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At The Jim Stengel Company, we help companies and brands discover their purpose and activate it internally–galvanizing employees–and externally to drive growth.  One of the principal ways we do that is through facilitated workshops, guiding leadership teams through a series of exercises and discussions.  Typically, we do the work live over the course of 1-2 days.  Obviously, the current landscape has put a pause on those in-person events.  So, in order to continue to meet our clients’ needs, we’ve moved our process onto virtual platforms.  As we’ve done so, we’ve challenged ourselves to maintain the quality of outputs and level of engagement.  After a few weeks of experimentation, we think we’ve hit on a winning approach.  Here’s some of what we’ve found to be working:

 

  • Serializing the experience.  When business travel was happening, a workshop was a little like going to the movies.  Everyone converged on a venue and settled in for an extended feature.  Rather than trying to replicate that experience virtually, we’ve turned our workshop into a “Netflix series”: multiple, shorter episodes over a few weeks.  While not as binge-worthy as “Tiger King,” this approach is helping to keep engagement levels high.
  • Getting intimate in one another’s homes.  We’ve long observed that the right physical setting can help to elevate the soulfulness of purpose work.  We’ve done sessions on the seashore, in historic factory buildings, and in founders’ homes.  Lo and behold, people bring more humanity to this work–more warmth and inspiration–when they’re in their own homes as well!  We try to cultivate this by inviting participants to give a virtual tour of their home office, display a lock-down meme that best describes their home life that day, or share the thing or person that’s most likely to interrupt them.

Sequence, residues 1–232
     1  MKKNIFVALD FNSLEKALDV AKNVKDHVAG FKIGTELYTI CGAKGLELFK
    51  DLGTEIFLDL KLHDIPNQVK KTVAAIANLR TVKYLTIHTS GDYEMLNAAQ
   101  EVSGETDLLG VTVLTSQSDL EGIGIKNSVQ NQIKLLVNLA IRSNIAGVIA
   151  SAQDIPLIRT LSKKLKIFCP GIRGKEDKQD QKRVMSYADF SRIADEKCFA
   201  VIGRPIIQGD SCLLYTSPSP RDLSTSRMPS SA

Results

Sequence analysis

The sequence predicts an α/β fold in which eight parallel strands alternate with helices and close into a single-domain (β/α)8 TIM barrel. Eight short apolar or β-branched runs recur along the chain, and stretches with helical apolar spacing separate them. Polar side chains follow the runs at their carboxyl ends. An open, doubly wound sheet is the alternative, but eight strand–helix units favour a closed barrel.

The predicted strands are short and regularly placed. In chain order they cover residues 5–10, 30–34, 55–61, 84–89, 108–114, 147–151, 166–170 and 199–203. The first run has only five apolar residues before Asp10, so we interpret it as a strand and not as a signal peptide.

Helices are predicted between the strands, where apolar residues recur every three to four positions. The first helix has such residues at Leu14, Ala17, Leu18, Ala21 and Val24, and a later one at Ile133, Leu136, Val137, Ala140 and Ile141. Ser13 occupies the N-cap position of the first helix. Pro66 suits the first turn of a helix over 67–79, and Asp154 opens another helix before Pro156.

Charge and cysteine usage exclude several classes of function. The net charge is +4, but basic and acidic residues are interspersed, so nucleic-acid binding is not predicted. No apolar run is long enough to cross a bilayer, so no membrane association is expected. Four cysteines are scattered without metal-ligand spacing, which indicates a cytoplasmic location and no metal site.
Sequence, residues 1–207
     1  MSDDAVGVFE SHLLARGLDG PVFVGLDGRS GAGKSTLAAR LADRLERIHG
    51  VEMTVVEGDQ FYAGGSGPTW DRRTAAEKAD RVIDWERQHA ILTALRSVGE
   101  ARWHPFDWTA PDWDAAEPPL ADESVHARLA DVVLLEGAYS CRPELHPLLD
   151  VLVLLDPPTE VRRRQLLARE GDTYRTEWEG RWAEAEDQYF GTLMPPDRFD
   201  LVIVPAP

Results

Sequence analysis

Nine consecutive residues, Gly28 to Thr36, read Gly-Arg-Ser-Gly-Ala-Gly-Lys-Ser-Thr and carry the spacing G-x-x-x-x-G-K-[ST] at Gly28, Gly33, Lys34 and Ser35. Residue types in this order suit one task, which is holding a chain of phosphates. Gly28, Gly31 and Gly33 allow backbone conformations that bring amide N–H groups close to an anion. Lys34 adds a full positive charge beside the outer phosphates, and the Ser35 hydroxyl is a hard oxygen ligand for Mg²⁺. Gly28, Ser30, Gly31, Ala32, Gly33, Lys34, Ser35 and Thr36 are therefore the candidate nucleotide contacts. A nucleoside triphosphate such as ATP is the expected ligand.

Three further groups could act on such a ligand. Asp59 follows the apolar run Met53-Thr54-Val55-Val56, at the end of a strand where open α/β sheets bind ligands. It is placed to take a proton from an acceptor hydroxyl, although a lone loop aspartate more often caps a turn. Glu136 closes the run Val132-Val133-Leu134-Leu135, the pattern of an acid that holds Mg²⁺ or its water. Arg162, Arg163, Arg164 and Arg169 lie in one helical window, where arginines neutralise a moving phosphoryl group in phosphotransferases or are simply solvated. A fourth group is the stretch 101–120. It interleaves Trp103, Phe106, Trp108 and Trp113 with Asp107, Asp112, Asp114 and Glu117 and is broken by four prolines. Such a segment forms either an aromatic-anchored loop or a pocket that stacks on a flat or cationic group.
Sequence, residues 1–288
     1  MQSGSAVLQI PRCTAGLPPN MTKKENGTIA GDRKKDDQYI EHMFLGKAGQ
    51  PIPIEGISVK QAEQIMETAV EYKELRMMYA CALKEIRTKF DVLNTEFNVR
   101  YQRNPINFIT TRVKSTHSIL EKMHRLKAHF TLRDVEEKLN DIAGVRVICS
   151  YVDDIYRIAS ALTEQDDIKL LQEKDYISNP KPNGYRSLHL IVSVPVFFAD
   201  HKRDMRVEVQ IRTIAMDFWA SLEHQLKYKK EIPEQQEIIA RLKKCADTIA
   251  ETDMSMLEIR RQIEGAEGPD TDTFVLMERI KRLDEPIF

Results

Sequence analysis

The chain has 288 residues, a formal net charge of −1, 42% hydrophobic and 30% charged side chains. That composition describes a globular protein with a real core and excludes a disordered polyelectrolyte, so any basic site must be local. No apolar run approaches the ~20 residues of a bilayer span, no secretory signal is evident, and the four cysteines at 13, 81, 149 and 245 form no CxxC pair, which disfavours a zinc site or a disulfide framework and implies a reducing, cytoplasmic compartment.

• Encouraging side conversations.  While chattering on the side is a no-no in a live session, it actually adds to the virtual experience.  The group chat function creates a second, parallel channel for participation — one that helps to make the virtual workshop more efficient and robust.  By soliciting continuous chatter on the sidebar, we’re able to get simultaneous input from many voices at once.  We can see “trending topics” that need to be tackled, and at the close of each session, we have a ready-made transcript of the outcome.
  • Keeping the mic moving.  During our in-person workshops, we like to create moments where each participant adds their voice to a chain of conversation.  To ensure smooth discussions online, we’re doing more of this — calling on individuals in sequence and sometimes asking them to share pictures or content on their screens.  This helps to build the feeling of team and allows us to fully access the wisdom of the crowd.
  • Incorporating an unplugged set.  Don’t you love it when a musician changes up the vibe of a concert by giving the backing band a break?  We’ve found that some intentional “unplugging” mid-session helps to maintain the energy and productivity of the overall experience.  So, in addition to sub-group breakouts, we’re designing in periods of individual exercises that are conducted offline.  This allows people to recharge before dialing back in with more considered, focused inputs.

 

With those adaptations, we think we’ve been able to match–and, in some cases, exceed–the quality of our workshop outcomes and participant engagement.  In many ways, that’s been a delightful surprise to us… and to our clients as well.  Here’s a sample of some comments we’ve received this week:

 

  • “I wasn’t sure what to expect given the challenges of the virtual setting — but somehow you figured out how to work it to our advantage.”
  • “Thank you for a fantastic first session!”
  • “I thought the Zoom format actually made it a BETTER meeting than face-to-face as everyone can give their comments much quicker.”
  • “It’s really been so wonderful to work with you through this process.”
  • “Great stuff — looking forward to the next one.”

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